MPE::CIvar - Perl extension for CI variables and JCWs on MPE/ix


  use MPE::CIvar ':all';
  $acct = hpcigetvar("HPACCOUNT");
  hpciputvar("TEMPVAR", 1);
  hpciputvar("TEMPVAR", hpcigetvar("TEMPVAR")+1);
  $hold = hpcigetvar("TEMPVAR");
  print "tempvar value was $hold\n";
  $jcw = getjcw();
  $ci = findjcw("CIERROR");
  putjcw("CIERROR", 0);
  hpcicommand("build TOOOLONGNAME.PUB,invaliddomain", undef, undef, 2);
  if ($CIVAR{HPCIERR}) {
    print "Error message: $CIVAR{HPCIERRMSG}\n";
  hpcicmds("purge larry", 
           "build larry;rec=-80,,f,ascii",
           "file input=larry,old",
    or die "Error on cmd: '$MPE::CIvar::lastcmd': $CIVAR{HPCIERRMSG}\n";


Access to the MPE/iX intrinsic functions:

     setjcw, getjcw
     putjcw, findjcw
     hpciputvar, hpcigetvar

See the MPE/iX documentation at Specifically relevant for this module are:

   MPE/iX Intrinsics Reference Manual
   Command Interpreter Access and Variables Programmer's Guide
   Interprocess Communications Programmer's Guide

You may also access the CI variables through the tied hash, %CIVAR. This is analogous to %ENV but currently does not support 'each' or 'keys'.

Sets the jcw JCW to the value VALUE (a 16-bit unsigned integer). Note that setting JCW to a value of 32768 or greater indicates that the program terminated in an error state and may cause a batch job to terminate.

Returns the value of the jcw JCW.

putjcw($name, VALUE)
Sets the jcw $name to the value VALUE (a 16-bit unsigned integer). The function putjcw will return 0 on success, an error code on failure.

Returns the value of the jcw $name.

Returns the value of the CI variable $name. This function will return 'undef' if the variable does not exist. A boolean variable will be returned as 0 or 1.

hpciputvar($name, VALUE)
Sets the CI variable $name to VALUE. If VALUE is an integer it will be put as an integer value. If not, hpciputvar will try to interpret as a boolean or just put it as a string. The function hpciputvar will return 0 on success, an error code on failure.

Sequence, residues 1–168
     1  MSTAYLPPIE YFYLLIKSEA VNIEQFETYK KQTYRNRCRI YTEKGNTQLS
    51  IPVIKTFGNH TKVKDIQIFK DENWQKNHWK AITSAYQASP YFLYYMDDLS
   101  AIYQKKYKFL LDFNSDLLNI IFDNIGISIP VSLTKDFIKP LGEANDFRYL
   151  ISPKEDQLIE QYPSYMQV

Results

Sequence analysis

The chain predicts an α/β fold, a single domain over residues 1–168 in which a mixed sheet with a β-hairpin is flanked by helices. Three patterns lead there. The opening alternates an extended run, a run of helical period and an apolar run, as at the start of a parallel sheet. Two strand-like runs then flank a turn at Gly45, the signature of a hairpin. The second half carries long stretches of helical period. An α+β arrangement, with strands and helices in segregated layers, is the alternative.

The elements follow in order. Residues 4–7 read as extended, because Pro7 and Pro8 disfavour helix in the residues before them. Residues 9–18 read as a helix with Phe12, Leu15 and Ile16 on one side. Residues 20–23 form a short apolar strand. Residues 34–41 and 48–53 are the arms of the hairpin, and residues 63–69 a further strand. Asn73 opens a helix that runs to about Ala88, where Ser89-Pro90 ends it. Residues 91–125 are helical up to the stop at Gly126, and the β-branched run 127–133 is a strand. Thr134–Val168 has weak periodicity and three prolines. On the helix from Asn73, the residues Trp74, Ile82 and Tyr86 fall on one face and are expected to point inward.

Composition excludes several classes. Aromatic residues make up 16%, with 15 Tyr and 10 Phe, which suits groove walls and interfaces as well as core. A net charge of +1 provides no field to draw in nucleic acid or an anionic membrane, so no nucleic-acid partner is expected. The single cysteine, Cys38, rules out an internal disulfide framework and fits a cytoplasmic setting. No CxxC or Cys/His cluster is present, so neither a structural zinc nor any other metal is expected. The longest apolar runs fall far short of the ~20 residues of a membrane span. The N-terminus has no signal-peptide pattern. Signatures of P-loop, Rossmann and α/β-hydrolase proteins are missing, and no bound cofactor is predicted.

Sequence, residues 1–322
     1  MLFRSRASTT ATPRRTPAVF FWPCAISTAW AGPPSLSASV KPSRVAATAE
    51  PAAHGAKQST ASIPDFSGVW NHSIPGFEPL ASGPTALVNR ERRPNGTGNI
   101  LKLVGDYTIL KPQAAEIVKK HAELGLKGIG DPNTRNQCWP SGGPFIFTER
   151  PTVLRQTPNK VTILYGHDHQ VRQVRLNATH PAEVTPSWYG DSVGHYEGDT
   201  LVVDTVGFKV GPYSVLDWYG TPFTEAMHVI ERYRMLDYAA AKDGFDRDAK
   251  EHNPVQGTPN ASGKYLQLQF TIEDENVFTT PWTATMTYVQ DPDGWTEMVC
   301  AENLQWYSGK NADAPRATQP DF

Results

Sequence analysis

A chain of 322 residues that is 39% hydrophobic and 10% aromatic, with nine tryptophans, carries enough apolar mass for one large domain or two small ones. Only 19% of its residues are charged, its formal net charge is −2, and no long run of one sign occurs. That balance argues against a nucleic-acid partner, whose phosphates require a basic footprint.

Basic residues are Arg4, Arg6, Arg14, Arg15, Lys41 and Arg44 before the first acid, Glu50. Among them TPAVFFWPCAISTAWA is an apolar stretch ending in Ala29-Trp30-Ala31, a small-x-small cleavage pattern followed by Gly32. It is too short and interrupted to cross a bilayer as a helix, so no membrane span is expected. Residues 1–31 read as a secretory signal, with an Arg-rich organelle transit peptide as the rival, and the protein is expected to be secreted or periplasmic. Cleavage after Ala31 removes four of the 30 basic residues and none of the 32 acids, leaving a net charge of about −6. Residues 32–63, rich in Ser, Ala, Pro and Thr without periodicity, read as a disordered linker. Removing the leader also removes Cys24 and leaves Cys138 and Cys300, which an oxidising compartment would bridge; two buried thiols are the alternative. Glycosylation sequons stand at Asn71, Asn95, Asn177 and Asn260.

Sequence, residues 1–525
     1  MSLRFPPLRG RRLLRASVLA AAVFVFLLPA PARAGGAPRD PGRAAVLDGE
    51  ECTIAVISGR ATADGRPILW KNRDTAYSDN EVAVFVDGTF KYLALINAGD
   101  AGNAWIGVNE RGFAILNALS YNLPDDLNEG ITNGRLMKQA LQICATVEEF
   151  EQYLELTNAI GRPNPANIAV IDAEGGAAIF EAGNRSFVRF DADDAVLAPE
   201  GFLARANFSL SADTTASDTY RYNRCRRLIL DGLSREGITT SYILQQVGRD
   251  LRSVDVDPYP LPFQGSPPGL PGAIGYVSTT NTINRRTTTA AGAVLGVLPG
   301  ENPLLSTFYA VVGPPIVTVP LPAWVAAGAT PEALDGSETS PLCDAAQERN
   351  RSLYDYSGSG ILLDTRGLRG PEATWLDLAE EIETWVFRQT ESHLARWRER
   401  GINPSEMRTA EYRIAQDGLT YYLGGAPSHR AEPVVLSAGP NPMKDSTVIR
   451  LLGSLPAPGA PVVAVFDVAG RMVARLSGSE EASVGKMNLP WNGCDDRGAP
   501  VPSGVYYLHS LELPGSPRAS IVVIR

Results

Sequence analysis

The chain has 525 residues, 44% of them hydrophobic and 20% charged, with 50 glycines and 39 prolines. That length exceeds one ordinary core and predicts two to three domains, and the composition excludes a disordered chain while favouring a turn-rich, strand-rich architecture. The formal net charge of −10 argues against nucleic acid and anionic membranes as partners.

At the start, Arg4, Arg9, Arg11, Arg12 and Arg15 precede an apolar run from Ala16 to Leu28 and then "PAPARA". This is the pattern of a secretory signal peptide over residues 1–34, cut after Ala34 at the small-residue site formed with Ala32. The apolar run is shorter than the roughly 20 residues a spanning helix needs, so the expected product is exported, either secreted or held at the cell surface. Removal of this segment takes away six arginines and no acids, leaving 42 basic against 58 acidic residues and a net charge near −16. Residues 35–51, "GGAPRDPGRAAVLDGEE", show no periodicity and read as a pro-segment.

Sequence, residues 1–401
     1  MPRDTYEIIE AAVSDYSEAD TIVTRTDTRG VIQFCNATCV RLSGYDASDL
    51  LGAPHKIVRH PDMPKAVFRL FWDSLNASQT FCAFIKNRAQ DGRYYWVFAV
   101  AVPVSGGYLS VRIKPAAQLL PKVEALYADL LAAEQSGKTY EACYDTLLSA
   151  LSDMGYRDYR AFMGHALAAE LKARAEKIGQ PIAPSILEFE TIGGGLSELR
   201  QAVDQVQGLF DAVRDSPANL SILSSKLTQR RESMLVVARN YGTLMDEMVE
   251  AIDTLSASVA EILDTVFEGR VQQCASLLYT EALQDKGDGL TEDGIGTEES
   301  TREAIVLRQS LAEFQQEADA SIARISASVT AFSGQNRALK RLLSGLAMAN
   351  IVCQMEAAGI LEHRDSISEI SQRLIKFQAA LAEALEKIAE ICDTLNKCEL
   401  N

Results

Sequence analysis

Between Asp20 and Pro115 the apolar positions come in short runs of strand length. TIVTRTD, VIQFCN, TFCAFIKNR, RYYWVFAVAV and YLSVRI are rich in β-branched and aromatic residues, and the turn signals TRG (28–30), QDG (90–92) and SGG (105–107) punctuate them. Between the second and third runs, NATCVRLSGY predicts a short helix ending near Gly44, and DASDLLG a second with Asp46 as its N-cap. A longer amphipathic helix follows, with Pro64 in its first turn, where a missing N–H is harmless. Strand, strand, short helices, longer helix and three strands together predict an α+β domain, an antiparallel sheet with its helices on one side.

Deletes the CI variable $name. It will return 0 on success, an error code on failure.

A hash tied to the CI variables. The follow are equivalent:
   $CIVAR{$name}         hpcigetvar($name)
   $CIVAR{$name}=VALUE   hpciputvar($name, value)
   delete $CIVAR{$name}  hpcideletevar($name)

hpcicommand($command [, $cmderr [, $parmnum [,$msglevel]]])
Calls intrinsic HPCICOMMAND with the command string. The other arguments are optional. A value of 0 will be returned on success, otherwise an error value will be returned and assigned to $cmderr if a variable is passed as the second argument. You can set $msglevel to 1 to suppress warnings and set it to 2 to suppress errors as well as warnings. For example,
   hpcicommand($command, undef, undef, 2);

hpcicmds( @cmdlist )
Calls hpcicommand for each string in @cmdlist. It will stop processing the list on an error, but not a warning. You can set the msglevel (see above) by assigning to $MPE::CIvar::msglevel before calling hpcicmds. You can see the last command executed by looking at $MPE::CIvar::lastcmd and any error in $MPE::CIvar::cmderr.


None by default.


Ken Hirsch <>

This module may be used and distributed on the same terms as Perl.